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professed to love him, and believe in him, “Ye are of your father the devil, and the lusts of your father ye will do.” And the apostle Paul in his epistle to Timothy represents selfishness in the most odious light. “This know also, that in the last days perilous times shall come. For men shall be lovers of their ownselves, covetous, boasters, proud, blasphemers, disobedient to parents, unthankful, unholy, without natural affection, truce-breakers, false accusers, incontinent, fierce, despisers of those that are good, traitors, high-minded, lovers of pleasure more than lovers of God.” There is no evil affection, and no evil conduct but what selfishness will, under certain circumstances, produce. It is the directly opposite affection to true benevolence, and therefore the root of all moral evil. It is the carnal mind, which is enmity against God, and not subject to his law, neither indeed can be. It seeks a personal interest, which is diametrically opposite to the glory of God, and the general interest of his kingdom. It opposes the good of sinners themselves, and makes them, as the apostle says, “hateful, and hating one another.” It tends to spread misery and destruction through the universe. It makes creatures as bad as they can be, and would destroy them all, were it not for the power and wisdom and goodness of God, which are employed in restraining, directing, and overruling its pernicious influence. Though sinne may love those which love them, and do good to those that do good to them, yet the nature of their feelings and conduct is still the same. Their apparent goodness is the essence of moral evil. Their partial love is general malevolence, and their best deeds are an abomination to the Lord. All their affections and exertions terminate in themselves, whom they value and regard more than all other beings put together, and whose interest they would sacrifice to promote their own.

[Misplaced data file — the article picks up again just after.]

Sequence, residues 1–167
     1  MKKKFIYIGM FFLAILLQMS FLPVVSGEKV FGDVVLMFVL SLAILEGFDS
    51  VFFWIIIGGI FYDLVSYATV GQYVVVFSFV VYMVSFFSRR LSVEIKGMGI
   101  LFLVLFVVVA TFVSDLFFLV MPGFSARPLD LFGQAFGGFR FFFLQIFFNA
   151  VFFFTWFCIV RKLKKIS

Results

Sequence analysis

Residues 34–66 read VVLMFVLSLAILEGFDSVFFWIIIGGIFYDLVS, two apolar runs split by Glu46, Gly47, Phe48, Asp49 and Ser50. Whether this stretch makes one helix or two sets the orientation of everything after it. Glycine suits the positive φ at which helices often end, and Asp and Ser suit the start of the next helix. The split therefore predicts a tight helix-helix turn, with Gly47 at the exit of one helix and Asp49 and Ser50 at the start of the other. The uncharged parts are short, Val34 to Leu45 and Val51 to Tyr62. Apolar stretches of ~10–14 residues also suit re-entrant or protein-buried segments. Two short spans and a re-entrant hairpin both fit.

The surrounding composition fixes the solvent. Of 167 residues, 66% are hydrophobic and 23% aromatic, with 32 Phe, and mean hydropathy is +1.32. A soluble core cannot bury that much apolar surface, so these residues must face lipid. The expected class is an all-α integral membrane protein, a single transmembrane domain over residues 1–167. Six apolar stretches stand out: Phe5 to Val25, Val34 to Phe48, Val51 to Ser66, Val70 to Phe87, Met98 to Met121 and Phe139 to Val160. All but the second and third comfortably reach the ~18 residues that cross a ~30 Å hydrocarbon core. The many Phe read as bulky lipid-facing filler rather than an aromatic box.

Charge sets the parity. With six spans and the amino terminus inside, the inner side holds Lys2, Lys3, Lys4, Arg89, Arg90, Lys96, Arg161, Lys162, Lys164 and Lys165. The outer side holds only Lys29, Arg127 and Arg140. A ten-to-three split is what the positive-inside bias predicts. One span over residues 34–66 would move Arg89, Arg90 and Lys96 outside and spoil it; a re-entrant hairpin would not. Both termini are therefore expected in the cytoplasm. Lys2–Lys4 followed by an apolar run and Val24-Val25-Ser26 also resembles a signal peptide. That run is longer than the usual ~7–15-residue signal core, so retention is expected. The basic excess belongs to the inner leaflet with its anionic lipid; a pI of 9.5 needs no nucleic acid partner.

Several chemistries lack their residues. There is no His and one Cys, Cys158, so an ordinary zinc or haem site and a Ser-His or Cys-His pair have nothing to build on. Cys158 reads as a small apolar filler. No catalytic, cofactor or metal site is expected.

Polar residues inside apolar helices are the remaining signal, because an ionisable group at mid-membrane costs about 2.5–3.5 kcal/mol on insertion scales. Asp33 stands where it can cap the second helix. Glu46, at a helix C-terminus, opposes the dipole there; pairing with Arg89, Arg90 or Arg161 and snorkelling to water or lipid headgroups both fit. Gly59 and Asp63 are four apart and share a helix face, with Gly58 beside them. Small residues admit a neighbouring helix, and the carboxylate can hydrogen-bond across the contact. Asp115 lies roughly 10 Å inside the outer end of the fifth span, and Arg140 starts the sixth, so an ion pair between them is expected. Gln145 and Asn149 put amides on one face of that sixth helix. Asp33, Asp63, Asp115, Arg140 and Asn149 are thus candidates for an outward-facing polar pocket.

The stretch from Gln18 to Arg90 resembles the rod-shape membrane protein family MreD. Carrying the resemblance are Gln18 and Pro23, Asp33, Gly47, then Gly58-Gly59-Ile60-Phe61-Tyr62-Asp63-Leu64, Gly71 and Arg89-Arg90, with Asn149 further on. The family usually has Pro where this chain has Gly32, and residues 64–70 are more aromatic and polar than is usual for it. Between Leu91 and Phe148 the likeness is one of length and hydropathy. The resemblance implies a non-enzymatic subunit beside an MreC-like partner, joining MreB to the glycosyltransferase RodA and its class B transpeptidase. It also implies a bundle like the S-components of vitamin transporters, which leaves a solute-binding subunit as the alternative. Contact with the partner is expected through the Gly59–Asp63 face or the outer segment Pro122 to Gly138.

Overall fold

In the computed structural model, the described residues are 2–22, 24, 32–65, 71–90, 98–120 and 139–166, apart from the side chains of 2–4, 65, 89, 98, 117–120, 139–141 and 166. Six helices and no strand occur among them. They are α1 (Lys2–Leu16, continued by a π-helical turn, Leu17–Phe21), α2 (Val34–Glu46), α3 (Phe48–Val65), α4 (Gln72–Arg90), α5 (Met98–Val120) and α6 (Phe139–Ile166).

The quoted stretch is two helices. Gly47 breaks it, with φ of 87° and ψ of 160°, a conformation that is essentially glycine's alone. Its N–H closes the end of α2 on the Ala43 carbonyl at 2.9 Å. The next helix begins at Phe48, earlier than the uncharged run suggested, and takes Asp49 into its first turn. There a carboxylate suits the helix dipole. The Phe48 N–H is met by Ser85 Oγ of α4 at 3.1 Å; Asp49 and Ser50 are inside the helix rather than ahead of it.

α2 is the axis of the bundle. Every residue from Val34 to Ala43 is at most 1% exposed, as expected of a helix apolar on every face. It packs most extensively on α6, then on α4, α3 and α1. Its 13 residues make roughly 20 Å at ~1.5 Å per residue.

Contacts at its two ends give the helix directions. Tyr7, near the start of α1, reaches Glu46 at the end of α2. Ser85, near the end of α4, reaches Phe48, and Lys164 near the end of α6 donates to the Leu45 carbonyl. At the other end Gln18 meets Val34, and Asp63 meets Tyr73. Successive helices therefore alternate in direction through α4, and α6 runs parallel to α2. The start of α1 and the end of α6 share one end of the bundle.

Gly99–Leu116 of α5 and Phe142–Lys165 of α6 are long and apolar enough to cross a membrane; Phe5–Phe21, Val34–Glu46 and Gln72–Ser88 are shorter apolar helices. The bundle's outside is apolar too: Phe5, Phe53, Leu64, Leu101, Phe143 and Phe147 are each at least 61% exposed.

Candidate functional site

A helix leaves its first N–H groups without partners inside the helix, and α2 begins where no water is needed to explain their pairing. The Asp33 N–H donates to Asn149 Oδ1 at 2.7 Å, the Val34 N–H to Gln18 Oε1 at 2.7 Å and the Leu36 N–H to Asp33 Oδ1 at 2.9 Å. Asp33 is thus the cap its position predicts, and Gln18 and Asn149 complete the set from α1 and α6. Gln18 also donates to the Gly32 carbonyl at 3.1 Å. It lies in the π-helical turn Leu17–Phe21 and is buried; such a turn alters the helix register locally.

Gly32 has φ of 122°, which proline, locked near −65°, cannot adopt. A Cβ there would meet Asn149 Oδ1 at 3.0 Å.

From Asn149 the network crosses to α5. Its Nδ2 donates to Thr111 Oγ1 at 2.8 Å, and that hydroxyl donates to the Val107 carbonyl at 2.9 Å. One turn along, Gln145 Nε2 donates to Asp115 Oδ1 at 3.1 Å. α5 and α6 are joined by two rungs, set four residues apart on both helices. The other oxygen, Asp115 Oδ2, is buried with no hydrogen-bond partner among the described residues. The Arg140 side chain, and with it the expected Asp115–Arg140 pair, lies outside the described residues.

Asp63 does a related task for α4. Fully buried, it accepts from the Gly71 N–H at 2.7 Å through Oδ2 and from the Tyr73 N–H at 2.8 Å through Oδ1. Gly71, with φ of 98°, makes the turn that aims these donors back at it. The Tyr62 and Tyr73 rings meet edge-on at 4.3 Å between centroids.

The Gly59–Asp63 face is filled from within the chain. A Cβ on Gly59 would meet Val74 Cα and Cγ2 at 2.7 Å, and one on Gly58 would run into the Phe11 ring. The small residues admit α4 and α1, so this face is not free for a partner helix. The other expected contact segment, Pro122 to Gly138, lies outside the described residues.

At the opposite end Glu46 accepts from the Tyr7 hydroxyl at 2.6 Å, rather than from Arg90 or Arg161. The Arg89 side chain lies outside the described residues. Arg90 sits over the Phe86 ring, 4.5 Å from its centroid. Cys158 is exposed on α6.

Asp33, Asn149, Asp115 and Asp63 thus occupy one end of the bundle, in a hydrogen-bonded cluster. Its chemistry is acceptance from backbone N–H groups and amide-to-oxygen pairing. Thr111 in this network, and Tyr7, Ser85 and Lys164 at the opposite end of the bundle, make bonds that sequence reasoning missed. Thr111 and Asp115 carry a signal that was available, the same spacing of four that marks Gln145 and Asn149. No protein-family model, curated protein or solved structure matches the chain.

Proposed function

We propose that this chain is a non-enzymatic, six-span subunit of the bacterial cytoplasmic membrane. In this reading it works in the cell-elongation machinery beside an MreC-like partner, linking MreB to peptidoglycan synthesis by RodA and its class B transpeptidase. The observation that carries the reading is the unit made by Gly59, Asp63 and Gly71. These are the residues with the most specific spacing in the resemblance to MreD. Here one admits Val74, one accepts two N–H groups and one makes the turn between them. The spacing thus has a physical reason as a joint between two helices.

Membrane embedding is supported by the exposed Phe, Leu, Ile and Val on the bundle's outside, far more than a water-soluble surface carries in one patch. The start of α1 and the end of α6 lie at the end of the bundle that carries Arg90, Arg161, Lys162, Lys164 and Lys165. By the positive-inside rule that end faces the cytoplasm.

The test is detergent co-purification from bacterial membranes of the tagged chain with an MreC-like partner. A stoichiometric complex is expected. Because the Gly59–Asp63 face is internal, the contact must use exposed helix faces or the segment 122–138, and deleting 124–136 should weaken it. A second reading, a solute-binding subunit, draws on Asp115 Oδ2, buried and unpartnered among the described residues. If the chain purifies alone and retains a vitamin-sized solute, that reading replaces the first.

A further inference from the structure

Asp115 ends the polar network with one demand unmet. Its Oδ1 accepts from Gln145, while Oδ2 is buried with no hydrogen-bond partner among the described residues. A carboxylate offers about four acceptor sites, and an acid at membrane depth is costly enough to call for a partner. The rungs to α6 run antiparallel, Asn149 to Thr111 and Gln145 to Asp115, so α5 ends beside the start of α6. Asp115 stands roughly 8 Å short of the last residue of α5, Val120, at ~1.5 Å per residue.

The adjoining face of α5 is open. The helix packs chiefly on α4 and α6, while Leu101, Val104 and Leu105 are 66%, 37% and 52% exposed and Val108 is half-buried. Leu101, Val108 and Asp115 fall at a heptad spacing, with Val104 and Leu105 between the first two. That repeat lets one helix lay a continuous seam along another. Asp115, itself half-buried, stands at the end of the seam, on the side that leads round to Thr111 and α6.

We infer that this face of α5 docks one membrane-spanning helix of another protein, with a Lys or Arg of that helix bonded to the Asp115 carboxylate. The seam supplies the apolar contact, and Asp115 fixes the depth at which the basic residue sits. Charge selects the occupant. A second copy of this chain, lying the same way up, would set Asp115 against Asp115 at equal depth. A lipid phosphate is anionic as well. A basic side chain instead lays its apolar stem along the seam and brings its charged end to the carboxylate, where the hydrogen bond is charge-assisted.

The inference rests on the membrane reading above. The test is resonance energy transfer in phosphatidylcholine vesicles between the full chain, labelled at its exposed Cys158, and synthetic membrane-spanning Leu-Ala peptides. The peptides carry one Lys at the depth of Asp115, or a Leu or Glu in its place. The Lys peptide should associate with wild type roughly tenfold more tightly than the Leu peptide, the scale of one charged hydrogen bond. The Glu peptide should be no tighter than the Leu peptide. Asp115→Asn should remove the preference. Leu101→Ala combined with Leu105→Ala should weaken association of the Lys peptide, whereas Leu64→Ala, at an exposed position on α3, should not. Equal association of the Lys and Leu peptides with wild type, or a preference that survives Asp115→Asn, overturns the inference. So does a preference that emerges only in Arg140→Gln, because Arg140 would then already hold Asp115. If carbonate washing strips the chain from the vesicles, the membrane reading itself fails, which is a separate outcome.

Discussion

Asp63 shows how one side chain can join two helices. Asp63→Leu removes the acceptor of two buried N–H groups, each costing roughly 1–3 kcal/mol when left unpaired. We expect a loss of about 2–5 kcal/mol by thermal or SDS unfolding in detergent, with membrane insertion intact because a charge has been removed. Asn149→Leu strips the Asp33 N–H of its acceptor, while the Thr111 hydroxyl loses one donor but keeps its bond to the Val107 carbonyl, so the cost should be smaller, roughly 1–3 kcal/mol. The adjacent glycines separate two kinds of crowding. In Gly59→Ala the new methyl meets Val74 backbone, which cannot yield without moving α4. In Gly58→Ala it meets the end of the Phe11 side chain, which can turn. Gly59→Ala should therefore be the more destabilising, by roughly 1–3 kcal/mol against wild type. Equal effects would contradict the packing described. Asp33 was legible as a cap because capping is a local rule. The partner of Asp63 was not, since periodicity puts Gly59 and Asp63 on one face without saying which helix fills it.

And can there be any thing virtuous, or amiable, or praise-worthy in such a totally selfish love, which is disconformity to God, disobedience to his law, and, in its nature and tendency, destructive of all the good of his holy kingdom?